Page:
Special Feature

doi:10.1038/nindia.2017.27 Published online 17 March 2017

Oral healthcare delivery in China

[Nature India Special Issue: Oral Health Inequalities and Health Systems in Asia-Pacific]

Edward C. M. Lo1


Policy Recommendations

• Dental workforce should compose of different types of care providers

• Appropriate mix of care providers in dental care service system.

• Enhancing dental care service in underserved areas and population groups.


Edward C. M. Lo

China’s population is more than 1.3 billion and approximately half of it is rural1. Its mainland comprises 31 provinces, autonomous regions and municipalities directly under the central government in Beijing. Basic healthcare is provided according to a three-level network using a pri­mary healthcare approach2. The first of the three-level administrative units in China are the cities (in urban areas) and counties (in rural areas). In the second level are districts (in cities) and townships (in counties). At the lowest level are the streets (in city districts) and villages (under townships).

Dental care delivery

General and dental healthcare services in China are predominantly provided in the public sector. Most dental clinics are established by the government in general hospitals and larger out-patient clinics in urban areas at the city and district levels, and in rural areas at the county and township levels. Dental clin­ics at the village level are not common. In the major general hospitals, there is usually a department of stomatology (dentistry) with in-patient facilities. Speciality stomatological (dental) hospitals with in-patient wards may be found in larger cities. Recently, the number of private dental clinics have been increasing, mostly in large cities.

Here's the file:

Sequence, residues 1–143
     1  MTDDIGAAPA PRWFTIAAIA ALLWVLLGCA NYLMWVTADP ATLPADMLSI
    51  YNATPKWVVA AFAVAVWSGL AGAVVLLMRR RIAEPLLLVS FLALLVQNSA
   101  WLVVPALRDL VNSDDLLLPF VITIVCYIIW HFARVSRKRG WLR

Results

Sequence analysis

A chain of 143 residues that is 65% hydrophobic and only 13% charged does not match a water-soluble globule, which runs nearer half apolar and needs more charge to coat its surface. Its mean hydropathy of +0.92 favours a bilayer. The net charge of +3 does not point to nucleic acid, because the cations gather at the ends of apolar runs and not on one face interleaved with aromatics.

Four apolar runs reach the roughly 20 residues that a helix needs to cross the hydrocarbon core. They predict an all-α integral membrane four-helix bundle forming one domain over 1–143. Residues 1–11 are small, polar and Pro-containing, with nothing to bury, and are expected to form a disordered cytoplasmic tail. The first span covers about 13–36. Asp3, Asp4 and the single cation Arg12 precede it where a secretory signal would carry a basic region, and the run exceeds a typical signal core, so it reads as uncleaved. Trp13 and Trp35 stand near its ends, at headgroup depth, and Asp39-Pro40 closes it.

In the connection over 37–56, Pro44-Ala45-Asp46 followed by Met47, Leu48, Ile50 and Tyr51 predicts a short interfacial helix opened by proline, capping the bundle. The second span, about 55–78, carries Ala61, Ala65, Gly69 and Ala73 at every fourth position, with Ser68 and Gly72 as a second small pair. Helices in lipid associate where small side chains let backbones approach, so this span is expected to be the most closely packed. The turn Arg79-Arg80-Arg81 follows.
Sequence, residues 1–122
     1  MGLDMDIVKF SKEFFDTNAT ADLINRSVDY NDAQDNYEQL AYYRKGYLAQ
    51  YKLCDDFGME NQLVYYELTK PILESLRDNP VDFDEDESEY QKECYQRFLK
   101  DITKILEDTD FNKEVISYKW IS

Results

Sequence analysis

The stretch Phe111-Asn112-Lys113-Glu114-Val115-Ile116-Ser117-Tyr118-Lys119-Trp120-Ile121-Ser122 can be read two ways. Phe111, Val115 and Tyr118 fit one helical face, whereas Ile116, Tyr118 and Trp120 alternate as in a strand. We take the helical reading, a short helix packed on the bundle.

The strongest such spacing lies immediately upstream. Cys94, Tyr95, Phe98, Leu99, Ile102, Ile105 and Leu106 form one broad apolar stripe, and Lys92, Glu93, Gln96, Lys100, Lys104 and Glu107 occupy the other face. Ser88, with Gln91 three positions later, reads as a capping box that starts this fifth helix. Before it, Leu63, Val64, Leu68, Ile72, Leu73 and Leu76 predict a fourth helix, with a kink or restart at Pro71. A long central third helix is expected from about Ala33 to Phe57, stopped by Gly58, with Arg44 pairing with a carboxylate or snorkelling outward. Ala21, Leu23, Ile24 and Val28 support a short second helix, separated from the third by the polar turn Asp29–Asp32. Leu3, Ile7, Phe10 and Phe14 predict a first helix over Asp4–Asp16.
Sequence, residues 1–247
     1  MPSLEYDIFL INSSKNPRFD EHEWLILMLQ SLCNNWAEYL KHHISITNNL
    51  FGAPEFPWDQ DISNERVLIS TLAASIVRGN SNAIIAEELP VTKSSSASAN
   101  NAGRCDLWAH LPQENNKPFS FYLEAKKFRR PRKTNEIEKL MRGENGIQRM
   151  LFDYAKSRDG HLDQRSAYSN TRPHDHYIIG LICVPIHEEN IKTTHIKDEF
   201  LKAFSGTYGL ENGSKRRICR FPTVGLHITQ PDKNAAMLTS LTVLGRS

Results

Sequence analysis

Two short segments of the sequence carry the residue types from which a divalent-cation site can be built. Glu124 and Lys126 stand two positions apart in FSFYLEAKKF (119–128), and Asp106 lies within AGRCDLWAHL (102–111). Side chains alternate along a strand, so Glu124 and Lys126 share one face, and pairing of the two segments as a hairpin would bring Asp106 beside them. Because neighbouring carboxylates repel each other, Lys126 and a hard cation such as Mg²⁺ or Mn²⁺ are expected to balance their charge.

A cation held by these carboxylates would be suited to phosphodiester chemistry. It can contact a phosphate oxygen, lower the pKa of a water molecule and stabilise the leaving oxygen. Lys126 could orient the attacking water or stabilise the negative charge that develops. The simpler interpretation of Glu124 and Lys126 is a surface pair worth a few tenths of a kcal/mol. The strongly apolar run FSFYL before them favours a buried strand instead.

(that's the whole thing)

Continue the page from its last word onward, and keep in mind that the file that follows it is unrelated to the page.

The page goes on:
Dental work force

In 2013, there were 137,000 dentists in China, with a dentist to population ra­tio of approximately 1:10, 0003. Dentistry degree courses are offered by more than 80 universities and graduates can provide the full range of general dental care services independently. They can also specialize after postgraduate clini­cal training. As well as university-trained dentists, China has an equal number of assistant (mid-level) dentists. Diploma dentistry courses of three to four years are offered at around 100 training schools across the country. Assistant dentists can practise independently, and usually work in government dental clinics at the county and township levels. They can provide a range of services similar to that of university-trained dentists, but rarely perform maxillo-facial surgery. Assistant dentists are also required to register with the local health authority and national licensing examinations are held regularly. China does not have recognized auxiliary dental care operators, such as dental therapists or hygienists.